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PLoS One. 2011;6(7):e22927. doi: 10.1371/journal.pone.0022927. Epub 2011 Jul 29.

Quantifying the burden and trends of isoniazid resistant tuberculosis, 1994-2009.

Author information

1
Brigham and Women's Hospital, Boston, Massachusetts, United States of America. jenkins.helen@gmail.com

Abstract

BACKGROUND:

Quantifying isoniazid resistant (INH-R) tuberculosis (TB) is important because isoniazid resistance reduces the probability of treatment success, may facilitate the spread of multidrug resistance, and may reduce the effectiveness of isoniazid preventive therapy (IPT).

METHODOLOGY/PRINCIPAL FINDINGS:

We used data reported to the World Health Organization between 1994-2009 to estimate the INH-R burden among new and retreatment TB cases. We assessed geographical and temporal variation in INH-R and reported levels in high HIV prevalence countries (≥2%) to understand implications for IPT. 131 settings reported INH-R data since 1994. A single global estimate of the percentage of incident TB cases with INH-R was deemed inappropriate due to particularly high levels in the Eastern European region where 44.9% (95% CI: 34.0%, 55.8%) of incident TB cases had INH-R. In all other regions combined, 13.9% (95% CI: 12.6%, 15.2%) of incident cases had INH-R with the lowest regional levels seen in West/Central Europe and Africa. Where trend data existed, we found examples of rising and falling burdens of INH-R. 40% of high HIV prevalence countries reported national data on INH-R and 7.3% (95% CI: 5.5%, 9.1%) of cases in these settings had INH-R.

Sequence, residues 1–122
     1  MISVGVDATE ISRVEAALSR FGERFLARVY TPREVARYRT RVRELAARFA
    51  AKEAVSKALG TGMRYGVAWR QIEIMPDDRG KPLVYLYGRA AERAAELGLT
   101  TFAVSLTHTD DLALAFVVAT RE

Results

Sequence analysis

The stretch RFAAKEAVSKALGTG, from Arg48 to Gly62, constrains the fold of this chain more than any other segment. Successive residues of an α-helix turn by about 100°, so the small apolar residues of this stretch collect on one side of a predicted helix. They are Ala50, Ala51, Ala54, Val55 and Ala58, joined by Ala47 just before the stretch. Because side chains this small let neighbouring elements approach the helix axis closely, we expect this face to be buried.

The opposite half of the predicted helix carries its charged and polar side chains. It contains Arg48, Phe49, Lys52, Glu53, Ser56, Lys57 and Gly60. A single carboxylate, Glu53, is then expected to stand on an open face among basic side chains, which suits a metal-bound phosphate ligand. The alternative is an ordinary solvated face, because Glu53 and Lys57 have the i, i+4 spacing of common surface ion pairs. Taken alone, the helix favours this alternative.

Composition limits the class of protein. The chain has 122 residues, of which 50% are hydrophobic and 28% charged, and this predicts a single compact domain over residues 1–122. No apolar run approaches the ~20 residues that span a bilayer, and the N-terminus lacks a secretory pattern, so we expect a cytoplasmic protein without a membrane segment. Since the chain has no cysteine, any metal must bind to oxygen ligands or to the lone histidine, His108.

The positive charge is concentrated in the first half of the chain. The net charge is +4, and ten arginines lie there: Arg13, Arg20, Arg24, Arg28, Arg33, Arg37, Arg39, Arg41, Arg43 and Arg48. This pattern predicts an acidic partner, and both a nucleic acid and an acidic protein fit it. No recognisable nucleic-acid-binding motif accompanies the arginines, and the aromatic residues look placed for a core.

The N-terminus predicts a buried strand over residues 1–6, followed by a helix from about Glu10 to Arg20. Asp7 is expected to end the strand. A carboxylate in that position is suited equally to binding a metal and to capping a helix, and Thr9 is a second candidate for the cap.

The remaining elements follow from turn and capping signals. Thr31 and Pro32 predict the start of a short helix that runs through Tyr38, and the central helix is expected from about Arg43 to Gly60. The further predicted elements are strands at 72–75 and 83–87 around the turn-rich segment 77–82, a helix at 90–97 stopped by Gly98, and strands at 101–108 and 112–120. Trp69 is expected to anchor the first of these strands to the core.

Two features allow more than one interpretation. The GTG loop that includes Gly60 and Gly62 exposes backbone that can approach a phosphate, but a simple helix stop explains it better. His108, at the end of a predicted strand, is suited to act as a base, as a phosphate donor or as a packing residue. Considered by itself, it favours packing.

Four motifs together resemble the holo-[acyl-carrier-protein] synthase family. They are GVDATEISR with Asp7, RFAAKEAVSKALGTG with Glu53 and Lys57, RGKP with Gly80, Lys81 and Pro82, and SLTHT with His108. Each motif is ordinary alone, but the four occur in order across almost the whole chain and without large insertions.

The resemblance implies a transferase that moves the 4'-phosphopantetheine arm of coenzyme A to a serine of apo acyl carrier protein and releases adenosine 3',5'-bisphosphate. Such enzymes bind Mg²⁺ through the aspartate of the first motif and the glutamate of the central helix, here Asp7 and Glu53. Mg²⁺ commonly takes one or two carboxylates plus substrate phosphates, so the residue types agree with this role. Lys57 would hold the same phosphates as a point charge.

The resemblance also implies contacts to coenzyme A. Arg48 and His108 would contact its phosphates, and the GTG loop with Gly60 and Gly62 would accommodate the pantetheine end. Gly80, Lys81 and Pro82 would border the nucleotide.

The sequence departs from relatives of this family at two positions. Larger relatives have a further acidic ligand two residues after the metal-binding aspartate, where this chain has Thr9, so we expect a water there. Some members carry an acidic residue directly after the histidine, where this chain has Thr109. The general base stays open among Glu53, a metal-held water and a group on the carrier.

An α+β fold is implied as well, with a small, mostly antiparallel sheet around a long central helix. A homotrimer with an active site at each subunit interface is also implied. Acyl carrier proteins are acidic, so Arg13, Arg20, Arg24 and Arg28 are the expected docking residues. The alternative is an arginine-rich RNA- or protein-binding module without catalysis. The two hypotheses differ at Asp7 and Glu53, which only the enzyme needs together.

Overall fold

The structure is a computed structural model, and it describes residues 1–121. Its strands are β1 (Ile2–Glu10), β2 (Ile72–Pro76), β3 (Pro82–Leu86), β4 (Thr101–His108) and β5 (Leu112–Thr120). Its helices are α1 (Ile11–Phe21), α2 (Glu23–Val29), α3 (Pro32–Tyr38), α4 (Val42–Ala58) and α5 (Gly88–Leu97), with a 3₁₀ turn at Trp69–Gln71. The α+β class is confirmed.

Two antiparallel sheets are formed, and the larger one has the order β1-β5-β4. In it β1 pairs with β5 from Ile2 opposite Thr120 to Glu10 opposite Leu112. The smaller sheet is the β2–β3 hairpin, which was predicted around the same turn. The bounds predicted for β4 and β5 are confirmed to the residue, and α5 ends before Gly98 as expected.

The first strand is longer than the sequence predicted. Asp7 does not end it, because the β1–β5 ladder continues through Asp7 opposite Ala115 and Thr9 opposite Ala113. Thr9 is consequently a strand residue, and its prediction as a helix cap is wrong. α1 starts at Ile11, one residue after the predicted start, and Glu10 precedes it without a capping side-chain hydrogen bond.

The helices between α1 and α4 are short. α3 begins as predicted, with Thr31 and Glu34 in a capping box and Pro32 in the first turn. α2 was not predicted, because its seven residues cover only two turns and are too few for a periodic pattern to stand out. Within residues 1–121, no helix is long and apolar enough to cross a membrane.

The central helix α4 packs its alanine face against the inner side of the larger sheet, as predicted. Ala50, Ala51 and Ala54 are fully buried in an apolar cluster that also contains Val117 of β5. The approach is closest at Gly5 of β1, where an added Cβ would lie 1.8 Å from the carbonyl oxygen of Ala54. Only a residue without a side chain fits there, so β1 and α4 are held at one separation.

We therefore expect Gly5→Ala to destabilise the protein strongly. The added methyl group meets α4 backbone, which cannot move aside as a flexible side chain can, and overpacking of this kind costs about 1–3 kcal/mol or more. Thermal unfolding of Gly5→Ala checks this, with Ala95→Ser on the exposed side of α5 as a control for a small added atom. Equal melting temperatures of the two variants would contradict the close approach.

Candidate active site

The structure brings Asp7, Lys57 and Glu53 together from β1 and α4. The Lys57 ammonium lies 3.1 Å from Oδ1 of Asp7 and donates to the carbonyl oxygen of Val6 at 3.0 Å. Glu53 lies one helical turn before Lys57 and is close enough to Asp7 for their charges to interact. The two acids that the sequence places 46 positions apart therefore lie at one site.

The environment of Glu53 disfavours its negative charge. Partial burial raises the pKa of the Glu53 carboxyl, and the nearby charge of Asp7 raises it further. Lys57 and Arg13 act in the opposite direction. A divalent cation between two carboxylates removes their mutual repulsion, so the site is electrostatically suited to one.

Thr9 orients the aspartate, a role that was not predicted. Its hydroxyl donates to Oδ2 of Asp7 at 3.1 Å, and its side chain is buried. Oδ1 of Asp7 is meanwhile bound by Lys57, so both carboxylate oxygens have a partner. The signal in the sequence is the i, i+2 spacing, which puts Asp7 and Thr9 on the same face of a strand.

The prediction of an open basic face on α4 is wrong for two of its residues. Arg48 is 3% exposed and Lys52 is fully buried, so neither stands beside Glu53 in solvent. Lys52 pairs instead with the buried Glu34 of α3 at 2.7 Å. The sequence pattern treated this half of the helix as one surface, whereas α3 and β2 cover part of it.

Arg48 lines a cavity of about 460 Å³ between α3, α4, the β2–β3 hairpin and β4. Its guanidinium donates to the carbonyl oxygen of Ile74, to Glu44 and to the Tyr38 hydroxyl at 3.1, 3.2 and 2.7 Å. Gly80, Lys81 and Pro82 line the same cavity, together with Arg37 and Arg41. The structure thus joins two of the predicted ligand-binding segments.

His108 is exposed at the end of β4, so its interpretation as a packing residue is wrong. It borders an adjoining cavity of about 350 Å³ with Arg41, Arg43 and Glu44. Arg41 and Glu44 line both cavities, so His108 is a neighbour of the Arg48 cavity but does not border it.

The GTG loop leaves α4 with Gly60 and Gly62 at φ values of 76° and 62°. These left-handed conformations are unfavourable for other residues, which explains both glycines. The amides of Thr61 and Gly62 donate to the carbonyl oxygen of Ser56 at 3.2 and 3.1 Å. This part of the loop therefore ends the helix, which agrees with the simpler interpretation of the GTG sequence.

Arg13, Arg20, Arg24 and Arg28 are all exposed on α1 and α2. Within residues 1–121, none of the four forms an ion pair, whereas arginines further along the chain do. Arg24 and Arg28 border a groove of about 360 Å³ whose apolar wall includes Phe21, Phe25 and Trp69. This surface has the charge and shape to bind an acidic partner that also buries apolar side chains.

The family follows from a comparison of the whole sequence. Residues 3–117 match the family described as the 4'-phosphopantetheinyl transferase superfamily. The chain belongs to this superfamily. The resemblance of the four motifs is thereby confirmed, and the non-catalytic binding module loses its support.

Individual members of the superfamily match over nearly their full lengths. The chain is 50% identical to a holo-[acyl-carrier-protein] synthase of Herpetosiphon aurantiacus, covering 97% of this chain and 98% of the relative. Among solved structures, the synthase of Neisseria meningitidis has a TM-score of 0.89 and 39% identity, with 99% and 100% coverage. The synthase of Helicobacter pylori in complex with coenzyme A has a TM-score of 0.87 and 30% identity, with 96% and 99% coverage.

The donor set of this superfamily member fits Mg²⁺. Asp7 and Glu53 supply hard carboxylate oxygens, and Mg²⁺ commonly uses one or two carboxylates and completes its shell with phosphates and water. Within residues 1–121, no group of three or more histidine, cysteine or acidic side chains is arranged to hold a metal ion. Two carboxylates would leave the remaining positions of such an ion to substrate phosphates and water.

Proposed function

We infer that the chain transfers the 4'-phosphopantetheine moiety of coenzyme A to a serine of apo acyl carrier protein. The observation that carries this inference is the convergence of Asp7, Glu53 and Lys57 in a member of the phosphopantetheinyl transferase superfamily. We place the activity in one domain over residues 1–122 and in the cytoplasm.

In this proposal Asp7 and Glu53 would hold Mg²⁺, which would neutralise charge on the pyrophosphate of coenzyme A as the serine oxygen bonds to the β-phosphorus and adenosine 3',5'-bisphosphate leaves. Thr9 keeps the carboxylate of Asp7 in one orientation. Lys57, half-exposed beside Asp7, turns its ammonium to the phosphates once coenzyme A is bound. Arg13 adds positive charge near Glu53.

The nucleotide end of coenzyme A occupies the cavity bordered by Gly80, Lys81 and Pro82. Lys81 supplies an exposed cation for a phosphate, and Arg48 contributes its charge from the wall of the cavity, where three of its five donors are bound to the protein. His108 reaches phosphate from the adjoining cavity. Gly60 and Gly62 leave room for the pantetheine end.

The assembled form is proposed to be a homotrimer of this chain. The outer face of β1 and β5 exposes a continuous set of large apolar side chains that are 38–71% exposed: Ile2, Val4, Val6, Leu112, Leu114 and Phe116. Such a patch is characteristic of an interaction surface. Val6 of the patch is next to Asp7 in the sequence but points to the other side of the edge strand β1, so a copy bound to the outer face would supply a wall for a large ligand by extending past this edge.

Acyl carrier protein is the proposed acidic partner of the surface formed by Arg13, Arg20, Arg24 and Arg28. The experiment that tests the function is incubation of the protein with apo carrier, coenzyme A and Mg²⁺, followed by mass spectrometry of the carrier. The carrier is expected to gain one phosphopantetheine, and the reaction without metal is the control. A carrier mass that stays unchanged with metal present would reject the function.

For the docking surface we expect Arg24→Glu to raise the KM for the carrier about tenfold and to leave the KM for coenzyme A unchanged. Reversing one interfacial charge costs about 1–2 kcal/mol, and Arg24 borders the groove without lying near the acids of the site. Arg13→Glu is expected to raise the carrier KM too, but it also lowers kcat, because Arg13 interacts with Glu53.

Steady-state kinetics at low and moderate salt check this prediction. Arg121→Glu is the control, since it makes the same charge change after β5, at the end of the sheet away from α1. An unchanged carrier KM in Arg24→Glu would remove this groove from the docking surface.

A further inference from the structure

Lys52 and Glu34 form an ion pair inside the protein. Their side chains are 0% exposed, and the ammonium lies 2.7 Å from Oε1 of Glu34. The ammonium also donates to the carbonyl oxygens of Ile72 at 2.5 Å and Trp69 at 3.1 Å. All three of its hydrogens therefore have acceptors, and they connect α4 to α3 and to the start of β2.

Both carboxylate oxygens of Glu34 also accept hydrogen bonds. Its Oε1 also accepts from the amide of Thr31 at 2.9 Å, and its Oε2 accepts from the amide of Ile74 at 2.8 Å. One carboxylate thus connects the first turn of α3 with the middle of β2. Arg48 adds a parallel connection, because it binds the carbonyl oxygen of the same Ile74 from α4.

CONCLUSIONS/SIGNIFICANCE:

Outside the Eastern European region, one in seven incident TB cases has INH-R, while this rises to nearly half within Eastern Europe. Many countries cannot assess trends in INH-R and the scarcity of data from high HIV prevalence areas limits insight into the implications for IPT. Further research is required to understand reasons for the observed time trends and to determine the effects of INH-R for control of TB.

PMID:
21829557
PMCID:
PMC3146514
DOI:
10.1371/journal.pone.0022927
[Indexed for MEDLINE]
Free PMC Article

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